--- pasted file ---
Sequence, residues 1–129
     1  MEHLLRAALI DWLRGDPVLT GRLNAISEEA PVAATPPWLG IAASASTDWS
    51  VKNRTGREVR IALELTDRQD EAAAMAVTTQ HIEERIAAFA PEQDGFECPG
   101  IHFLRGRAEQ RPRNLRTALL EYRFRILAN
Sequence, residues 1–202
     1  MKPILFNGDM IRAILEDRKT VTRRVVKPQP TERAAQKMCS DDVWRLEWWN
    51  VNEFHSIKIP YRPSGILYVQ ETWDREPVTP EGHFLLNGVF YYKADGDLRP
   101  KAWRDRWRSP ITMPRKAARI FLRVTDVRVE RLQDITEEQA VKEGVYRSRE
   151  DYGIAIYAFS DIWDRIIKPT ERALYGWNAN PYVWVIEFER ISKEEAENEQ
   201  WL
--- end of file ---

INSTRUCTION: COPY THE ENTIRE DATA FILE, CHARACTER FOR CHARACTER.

Sequence, residues 1–129
     1  MEHLLRAALI DWLRGDPVLT GRLNAISEEA PVAATPPWLG IAASASTDWS
    51  VKNRTGREVR IALELTDRQD EAAAMAVTTQ HIEERIAAFA PEQDGFECPG
   101  IHFLRGRAEQ RPRNLRTALL EYRFRILAN
Sequence, residues 1–202
     1  MKPILFNGDM IRAILEDRKT VTRRVVKPQP TERAAQKMCS DDVWRLEWWN
    51  VNEFHSIKIP YRPSGILYVQ ETWDREPVTP EGHFLLNGVF YYKADGDLRP
   101  KAWRDRWRSP ITMPRKAARI FLRVTDVRVE RLQDITEEQA VKEGVYRSRE
   151  DYGIAIYAFS DIWDRIIKPT ERALYGWNAN PYVWVIEFER ISKEEAENEQ
   201  WL